Norwegian fjords itineraries are among the most popular in Northern Europe and the majority of them will include a visit to the country’s charming second-largest city, Bergen.
6 hours in… Bergen
A city it may be but Bergen has the atmosphere of a much smaller community, thanks in part to its most popular attraction, the UNESCO World Heritage Site Bryggen Hanseatic Wharf. It’s a thoroughly picturesque harbour area which begs to be explored and you won’t fail to miss it thanks to its beautiful, multi-coloured buildings. A stroll through the streets is an attraction in itself and offers a fascinating look at the history of the city and its maritime heritage.
Another attraction you literally won’t be able to miss is the lofty Mount Floyen which forms a constant and dramatic backdrop to the city. It has a funicular railway which is the most popular and satisfying way to scale the summit, as it offers some fantastic views. If you feel like taking in a little more of the Norwegian mountain air with a partial climb, the train stops half way up but whatever you choose, the views at the top are nothing short of spectacular.
Other landmarks you’ll be able to enjoy on an afternoon in the city are Rosenkrantz Tower, a fascinating medieval structure which is over 800 years old and Bergenhus Fortress, which is one of the city’s oldest buildings, where you can take a walk along the walls and enjoy a stroll in the park, too.
Though it’s actually one of Bergen’s most popular attractions, the breathtaking Hardanger Fjord is best experienced if you’ve already explored the city itself and worth devoting a day to on a return visit. Of course, you could choose to see it on your first visit instead of touring the town but either way, it’s certainly a must-see.
Other attractions which are a great way to while away the hours on return visits are Bergen’s fascinating museums. The Art Museum actually consists of four buildings which sit on the shores of the picturesque Lille Lungegadsvsann Lake and is manna from Heaven for art lovers, containing works by such greats as Picasso, Munch and Miro as well as collections of historic and religious artefacts through the ages. The Edvard Grieg Museum is situated in the gifted composer and pianist’s former home, while the Leprosy Museum offers a sobering but insightful look at how the disease was treated and is housed in the city’s former leprosy hospital.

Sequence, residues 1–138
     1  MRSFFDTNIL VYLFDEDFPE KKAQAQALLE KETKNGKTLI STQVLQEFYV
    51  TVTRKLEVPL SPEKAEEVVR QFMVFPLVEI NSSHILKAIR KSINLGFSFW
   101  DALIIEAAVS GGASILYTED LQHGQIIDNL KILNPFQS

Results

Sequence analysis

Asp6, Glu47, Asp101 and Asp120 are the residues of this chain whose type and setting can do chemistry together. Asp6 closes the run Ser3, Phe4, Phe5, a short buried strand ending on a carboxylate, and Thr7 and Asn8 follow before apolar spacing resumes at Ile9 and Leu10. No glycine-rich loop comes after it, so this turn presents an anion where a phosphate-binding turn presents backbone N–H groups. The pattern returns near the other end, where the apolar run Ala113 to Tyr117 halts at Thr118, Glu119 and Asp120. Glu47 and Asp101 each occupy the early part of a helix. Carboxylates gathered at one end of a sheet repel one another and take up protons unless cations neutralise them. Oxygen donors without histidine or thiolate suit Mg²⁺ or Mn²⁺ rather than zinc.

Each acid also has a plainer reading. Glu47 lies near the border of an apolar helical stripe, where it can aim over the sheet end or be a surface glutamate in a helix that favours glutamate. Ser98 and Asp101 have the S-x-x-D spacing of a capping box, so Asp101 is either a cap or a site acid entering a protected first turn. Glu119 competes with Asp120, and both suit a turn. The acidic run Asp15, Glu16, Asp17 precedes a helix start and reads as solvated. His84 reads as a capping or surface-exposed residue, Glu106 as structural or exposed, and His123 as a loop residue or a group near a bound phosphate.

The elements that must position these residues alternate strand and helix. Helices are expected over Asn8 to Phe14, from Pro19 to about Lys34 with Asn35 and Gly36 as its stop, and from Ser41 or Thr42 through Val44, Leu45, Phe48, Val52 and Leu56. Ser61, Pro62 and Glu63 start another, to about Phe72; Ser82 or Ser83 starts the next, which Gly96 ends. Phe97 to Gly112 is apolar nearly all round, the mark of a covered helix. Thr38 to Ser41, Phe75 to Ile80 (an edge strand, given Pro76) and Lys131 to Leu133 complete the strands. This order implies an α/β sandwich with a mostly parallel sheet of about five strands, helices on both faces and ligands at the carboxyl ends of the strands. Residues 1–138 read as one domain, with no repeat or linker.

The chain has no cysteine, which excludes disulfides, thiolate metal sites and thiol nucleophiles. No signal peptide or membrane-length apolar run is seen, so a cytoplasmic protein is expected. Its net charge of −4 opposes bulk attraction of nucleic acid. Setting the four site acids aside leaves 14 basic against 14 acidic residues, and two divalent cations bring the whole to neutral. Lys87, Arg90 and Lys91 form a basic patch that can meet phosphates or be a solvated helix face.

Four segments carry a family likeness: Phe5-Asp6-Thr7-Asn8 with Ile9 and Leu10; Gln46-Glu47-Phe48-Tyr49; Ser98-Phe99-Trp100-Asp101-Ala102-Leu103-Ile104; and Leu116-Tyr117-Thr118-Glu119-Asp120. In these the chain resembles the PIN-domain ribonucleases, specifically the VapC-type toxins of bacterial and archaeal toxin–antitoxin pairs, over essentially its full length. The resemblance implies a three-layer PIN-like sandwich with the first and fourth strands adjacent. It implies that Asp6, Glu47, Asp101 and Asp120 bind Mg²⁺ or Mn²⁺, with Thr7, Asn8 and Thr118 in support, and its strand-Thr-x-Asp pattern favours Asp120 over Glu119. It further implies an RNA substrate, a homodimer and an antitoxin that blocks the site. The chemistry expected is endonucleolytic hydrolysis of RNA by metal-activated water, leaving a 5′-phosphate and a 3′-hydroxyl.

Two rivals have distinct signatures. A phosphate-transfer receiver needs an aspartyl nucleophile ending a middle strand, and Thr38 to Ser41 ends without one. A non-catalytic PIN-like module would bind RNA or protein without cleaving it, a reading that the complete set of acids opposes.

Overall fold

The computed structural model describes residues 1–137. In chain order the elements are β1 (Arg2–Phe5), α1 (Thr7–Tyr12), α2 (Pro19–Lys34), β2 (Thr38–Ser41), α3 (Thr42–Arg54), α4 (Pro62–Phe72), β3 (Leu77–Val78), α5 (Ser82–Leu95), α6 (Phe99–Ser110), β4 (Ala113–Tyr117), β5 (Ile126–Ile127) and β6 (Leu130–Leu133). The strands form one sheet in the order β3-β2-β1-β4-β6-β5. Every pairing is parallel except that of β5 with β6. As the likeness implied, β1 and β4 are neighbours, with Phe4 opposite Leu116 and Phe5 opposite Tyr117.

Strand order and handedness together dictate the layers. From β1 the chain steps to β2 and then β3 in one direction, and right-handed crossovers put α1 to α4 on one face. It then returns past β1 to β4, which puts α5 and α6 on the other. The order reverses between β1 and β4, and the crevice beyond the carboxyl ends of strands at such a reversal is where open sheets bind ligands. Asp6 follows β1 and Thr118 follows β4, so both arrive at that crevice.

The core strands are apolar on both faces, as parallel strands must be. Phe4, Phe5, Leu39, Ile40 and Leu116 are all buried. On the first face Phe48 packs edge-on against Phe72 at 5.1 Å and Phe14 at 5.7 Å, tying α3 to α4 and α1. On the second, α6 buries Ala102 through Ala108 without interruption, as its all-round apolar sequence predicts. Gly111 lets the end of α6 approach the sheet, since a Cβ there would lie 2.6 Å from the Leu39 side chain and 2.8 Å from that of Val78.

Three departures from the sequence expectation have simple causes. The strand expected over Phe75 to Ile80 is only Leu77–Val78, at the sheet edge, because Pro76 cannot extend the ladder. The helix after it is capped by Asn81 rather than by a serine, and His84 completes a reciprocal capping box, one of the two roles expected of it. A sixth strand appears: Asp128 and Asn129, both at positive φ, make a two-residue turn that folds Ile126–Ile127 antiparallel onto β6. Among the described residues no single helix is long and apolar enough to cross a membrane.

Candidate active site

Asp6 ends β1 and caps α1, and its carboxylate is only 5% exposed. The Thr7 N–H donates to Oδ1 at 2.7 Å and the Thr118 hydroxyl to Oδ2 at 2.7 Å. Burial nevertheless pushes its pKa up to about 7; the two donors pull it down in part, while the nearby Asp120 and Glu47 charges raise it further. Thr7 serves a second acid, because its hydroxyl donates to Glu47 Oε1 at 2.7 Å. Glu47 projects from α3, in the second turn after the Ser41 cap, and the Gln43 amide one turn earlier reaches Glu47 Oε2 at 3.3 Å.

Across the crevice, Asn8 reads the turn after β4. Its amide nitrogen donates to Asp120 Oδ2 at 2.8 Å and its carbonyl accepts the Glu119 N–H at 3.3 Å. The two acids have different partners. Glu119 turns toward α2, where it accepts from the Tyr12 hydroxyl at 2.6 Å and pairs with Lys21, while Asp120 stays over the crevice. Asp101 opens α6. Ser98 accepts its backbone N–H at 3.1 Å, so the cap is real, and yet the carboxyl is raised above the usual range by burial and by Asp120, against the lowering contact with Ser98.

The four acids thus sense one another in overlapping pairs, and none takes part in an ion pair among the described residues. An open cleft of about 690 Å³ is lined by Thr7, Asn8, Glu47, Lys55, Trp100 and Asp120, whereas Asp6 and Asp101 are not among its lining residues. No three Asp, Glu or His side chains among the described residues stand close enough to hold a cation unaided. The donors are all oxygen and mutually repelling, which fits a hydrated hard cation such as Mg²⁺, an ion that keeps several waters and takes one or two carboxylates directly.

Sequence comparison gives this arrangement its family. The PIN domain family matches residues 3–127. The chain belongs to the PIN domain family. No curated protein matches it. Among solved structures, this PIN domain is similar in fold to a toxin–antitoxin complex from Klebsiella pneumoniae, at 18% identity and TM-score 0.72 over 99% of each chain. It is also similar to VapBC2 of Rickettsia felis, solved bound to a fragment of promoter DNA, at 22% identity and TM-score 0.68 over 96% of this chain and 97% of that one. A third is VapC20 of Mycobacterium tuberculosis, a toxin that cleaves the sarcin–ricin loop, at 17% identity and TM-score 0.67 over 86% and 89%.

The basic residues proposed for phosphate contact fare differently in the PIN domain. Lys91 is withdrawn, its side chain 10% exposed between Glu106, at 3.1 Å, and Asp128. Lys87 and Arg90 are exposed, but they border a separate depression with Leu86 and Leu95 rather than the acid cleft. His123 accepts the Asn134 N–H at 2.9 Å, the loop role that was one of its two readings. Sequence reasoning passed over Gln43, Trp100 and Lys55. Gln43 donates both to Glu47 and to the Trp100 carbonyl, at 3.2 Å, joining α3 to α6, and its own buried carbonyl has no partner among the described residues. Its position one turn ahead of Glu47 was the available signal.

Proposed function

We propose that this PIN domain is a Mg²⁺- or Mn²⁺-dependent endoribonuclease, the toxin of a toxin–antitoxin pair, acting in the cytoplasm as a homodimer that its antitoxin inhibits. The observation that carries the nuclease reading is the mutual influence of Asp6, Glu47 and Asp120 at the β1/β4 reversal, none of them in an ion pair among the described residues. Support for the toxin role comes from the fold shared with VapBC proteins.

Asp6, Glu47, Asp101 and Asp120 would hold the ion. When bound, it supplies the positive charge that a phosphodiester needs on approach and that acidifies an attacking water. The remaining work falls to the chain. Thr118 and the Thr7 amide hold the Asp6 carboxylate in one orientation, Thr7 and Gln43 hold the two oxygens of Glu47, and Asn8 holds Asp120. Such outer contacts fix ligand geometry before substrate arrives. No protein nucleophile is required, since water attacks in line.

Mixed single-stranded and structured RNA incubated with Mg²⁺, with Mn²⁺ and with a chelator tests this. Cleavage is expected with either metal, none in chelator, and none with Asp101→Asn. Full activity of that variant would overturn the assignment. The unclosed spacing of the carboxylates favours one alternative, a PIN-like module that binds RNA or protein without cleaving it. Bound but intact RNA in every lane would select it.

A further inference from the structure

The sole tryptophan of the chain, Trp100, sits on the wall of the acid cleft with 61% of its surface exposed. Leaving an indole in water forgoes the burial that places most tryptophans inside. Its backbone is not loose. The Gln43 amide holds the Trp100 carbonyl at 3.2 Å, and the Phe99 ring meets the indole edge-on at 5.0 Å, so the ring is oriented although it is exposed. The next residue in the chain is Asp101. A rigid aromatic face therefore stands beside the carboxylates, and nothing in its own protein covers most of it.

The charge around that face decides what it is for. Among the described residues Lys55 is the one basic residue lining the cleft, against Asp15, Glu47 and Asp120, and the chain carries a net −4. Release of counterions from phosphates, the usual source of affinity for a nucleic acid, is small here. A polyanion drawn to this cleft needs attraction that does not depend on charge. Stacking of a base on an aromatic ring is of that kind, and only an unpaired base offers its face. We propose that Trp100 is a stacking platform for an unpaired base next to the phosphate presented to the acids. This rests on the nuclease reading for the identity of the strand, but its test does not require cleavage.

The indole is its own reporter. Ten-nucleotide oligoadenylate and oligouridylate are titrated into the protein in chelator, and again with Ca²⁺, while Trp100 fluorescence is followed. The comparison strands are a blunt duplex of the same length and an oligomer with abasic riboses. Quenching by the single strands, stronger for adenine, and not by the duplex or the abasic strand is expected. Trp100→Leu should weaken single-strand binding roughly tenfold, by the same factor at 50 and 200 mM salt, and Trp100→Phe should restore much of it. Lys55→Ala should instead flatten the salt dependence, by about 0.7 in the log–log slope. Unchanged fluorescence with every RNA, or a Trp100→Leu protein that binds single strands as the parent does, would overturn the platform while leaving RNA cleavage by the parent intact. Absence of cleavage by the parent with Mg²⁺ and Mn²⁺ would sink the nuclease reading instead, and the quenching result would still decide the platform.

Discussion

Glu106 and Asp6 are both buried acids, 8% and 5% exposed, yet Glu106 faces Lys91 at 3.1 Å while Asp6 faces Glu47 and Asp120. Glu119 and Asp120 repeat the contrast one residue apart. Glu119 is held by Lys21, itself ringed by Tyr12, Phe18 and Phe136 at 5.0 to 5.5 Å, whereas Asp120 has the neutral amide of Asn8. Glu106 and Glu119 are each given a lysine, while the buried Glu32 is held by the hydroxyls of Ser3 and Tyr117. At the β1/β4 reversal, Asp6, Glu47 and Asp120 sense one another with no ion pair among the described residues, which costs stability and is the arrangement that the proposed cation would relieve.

Can’t keep away?
If you love Norwegian cruises and have thus visited Bergen a number of times before, the city’s aquarium is certainly worth a look. Fittingly located on the city’s harbour, its home to all manner of aquatic life found in the North Sea and birdlife too, with seals and penguins being among the most popular residents.
A leafy park possibly isn’t the first thing which springs to mind when you think of a cruise around the Norwegian fjords but if you’re looking for somewhere new to explore in Bergen, Lille Lungegaardvannet is an oasis of calm in the centre of the city which surrounds a lake and is a great little place in which to take a break. Don’t worry about pronouncing the name when it comes to finding directions, most people will know what you mean when you ask for the park!
If the outdoors is your thing but you’ve already scaled Mt Floyen, Stoltzekleiven is another popular peak to tackle. Though the climb is relatively short it’s a steep one, so it’s important you’re equipped with the correct footwear and have at least some experience of hill or mountain walking.
Don’t even bother!
Norway is one of the more expensive countries in Europe, so make sure you don’t go for the first café or restaurant that you see and shop around. Knitwear makes for a favourite Norwegian souvenir but can prove expensive and be aware that not everything on sale is locally-sourced, so check the label and if in doubt, check with the seller – they won’t be offended.
Naturally, seafood is big business in Bergen and the famous fish market is a popular place to visit with all those with a liking for the fruit of the ocean. It’s worth noting though that not all vendors at the market are selling freshly-caught local produce, so take your time when choosing your catch.